ViewpointsGrower SpotlightManitoba Potato Farmer Nearing 40 Years in the Biz

Manitoba Potato Farmer Nearing 40 Years in the Biz


Rick Davison, a successful potato producer in Carberry, Man., didn’t shy away from making some big decisions as a young farmer.

Davison was only 18 when he purchased his first quarter section, which was then added to the family farm. Four years later, he convinced his father George they should try their hand at growing potatoes on their 1,000-acre farm.

“I had to coax my dad along because he was getting to the age where he didn’t want to get into starting another project,” Davison says. “That was back in 1981, when interest rates were double digit. It was a tough go at first.”

The family persevered, and today Davison Farms is a prosperous 4,800-acre operation which grows 1,400 acres of Russet Burbank and Ranger Russet potatoes. The farm’s potatoes, which are grown in a three-year rotation with grain and oilseed crops, are delivered to the McCain Foods processing plants in Carberry and Portage la Prairie, Man. Davison Farms was recently recognized as one of McCain Food’s top 10 growers in Manitoba for the 2018 crop year.

Davison Farms is still very much a family business. Davison and his wife Jackie are majority owners and his cousin Brad has an ownership stake as well. Davison’s son Kirk and Brad’s son Jon are also involved with the farm.

The younger generation will be taking over the reins in the near future, says Davison, who is 65. “I’m getting to the age where I feel I’ve done this long enough… we’re working on a succession plan right now.”

Remarkable Changes

Now entering his fifth decade as a potato producer, Davison has witnessed some impressive changes in the industry. For one, potato crops are much more productive than they used to be.

“When I started, I think the average yield was something like 147 hundredweight of potatoes per acre. Now, that’s gone up to where you can grow 330 hundredweight,” Davison says.

Davison believes there are many reasons for the substantial hike in yields. Potato farming, storage equipment and practices have improved substantially over the years, he says, and agronomists are available to provide valuable services for growers like himself.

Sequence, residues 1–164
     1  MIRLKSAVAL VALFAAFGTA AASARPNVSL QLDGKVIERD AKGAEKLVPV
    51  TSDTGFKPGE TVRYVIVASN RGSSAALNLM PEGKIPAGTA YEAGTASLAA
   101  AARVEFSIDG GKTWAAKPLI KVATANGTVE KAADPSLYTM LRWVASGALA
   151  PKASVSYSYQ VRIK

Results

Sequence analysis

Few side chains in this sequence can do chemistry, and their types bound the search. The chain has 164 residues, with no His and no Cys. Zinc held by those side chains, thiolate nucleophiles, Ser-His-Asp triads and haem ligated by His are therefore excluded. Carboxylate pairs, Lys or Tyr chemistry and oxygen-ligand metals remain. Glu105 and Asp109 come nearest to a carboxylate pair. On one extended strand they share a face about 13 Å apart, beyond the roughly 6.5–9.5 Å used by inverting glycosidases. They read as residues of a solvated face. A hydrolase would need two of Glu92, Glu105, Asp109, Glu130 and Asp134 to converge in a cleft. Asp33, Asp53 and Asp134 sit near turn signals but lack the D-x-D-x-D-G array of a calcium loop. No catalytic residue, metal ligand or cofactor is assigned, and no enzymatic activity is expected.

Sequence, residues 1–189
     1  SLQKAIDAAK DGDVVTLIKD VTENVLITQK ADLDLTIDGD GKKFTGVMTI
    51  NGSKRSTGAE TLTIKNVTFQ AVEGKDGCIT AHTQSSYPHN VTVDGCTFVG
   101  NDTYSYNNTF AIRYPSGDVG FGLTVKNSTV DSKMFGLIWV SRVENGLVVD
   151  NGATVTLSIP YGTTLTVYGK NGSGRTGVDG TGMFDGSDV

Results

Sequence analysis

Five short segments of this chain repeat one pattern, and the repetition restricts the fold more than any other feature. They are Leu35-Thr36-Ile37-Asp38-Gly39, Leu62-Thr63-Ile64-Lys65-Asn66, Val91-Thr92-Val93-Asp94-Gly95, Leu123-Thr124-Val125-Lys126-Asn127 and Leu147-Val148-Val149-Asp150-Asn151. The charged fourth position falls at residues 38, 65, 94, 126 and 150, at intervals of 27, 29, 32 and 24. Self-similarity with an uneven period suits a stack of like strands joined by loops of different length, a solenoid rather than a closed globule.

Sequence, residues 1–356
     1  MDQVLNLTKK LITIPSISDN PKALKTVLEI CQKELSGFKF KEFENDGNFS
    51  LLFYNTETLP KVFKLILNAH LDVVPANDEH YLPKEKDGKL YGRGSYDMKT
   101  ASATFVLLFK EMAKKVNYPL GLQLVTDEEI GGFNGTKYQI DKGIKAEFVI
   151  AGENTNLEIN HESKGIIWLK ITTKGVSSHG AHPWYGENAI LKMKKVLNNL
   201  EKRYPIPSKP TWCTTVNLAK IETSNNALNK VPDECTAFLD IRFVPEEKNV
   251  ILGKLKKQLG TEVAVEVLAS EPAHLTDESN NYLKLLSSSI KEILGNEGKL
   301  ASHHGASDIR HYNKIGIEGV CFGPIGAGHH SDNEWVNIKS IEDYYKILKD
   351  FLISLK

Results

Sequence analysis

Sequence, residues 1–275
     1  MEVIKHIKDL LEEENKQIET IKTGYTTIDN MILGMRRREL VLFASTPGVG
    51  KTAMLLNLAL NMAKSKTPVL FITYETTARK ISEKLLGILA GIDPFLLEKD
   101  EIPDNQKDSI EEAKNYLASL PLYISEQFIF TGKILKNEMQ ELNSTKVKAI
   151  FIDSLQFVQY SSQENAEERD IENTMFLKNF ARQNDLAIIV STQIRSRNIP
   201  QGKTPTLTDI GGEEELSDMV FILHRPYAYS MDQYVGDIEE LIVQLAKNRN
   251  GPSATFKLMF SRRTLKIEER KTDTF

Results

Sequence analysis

“We have agronomists come out now… that can do everything from soil testing to weekly scouting to check for disease and insect pressures,” says Davison. “They’ll also do weekly petiole tests [and] help calibrate the planters to make sure they’re operating properly.”

Davison credits modern technology with having a lot to do with the increase in productivity as well.

“Potato farming is certainly more technological. For instance, we do variable rate with our fertilizer,” says Davison. “Kirk and Jon are now running the irrigation systems with their phones. They’ll know right away if something goes down or if it’s not working and they can check on it. It’s the same thing with potato storage. There are so many more tools now.

“It used to be an art to plant your potatoes straight. Now, we have GPS that takes care of that,” he adds. “There are also programs that monitor the disease severity risk which takes into account humidity, temperature, the stage of the plant.

“That helps us to know whether we need to get out there and be proactive with the spray, because one thing about late blight, once you see it, it’s too late. So this is another tool that helps us to determine when we should be spraying and how much,” Davison says.

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